Poliomyelitis is an acute illness caused by serotypes 1, 2 or 3 of the poliomyelitis virus, an enterovirus from the family Picornaviridae.1 Poliomyelitis viruses have a ribose nucleic acid (RNA) genome, and transiently inhabit the gastrointestinal tract. The virus enters the mouth and multiplies in the pharynx and gastrointestinal cells, then enters the blood stream via local lymphoid tissue. It can then invade the central nervous system and multiply in the motor neurons of anterior horn cells of the spinal cord and brain stem, and cells of the roof of the cerebellum and the motor cortex, causing their destruction.1–3
This article is the second in a series providing a summary of prevention strategies and
vaccination for infections that may be acquired by travellers. The series aims to provide
practical strategies to assist general practitioners in giving travel advice, as a synthesis
of multiple information sources which must otherwise be consulted.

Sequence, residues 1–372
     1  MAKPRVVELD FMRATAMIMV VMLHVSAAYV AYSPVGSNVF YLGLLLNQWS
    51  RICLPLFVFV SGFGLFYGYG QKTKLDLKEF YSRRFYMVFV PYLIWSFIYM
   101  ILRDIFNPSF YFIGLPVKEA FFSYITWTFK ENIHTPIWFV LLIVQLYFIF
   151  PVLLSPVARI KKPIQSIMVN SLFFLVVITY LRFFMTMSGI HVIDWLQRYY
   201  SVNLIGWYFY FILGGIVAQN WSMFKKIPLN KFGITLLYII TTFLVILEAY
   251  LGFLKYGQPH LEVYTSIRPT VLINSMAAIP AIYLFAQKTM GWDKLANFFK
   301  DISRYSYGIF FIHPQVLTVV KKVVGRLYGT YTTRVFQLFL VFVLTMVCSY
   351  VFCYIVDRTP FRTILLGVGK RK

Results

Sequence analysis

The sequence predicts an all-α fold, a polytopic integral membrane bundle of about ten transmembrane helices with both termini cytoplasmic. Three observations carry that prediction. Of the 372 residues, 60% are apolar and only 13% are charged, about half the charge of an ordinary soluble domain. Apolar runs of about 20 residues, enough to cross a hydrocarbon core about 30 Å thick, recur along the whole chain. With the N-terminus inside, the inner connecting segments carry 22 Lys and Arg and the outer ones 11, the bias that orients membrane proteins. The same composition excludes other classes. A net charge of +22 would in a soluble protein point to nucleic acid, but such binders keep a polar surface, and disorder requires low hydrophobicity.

Poliomyelitis is a potentially fatal viral illness, which may cause acute flaccid paralysis
and permanent central nervous system damage. Ongoing global efforts to eradicate
poliomyelitis have been under way since 1988. Travellers are at risk of infection in
countries with endemic wild poliomyelitis virus or imported cases, and can spread the
infection to areas where poliomyelitis has been eradicated. While all adults should
be immune to poliomyelitis, it is important that at risk travellers are vaccinated
appropriately. Vaccine options and regions currently reporting poliomyelitis are
presented from a number of sources, which may facilitate the process of giving travel
advice in a general practice setting, although it is also important to seek up-to-date
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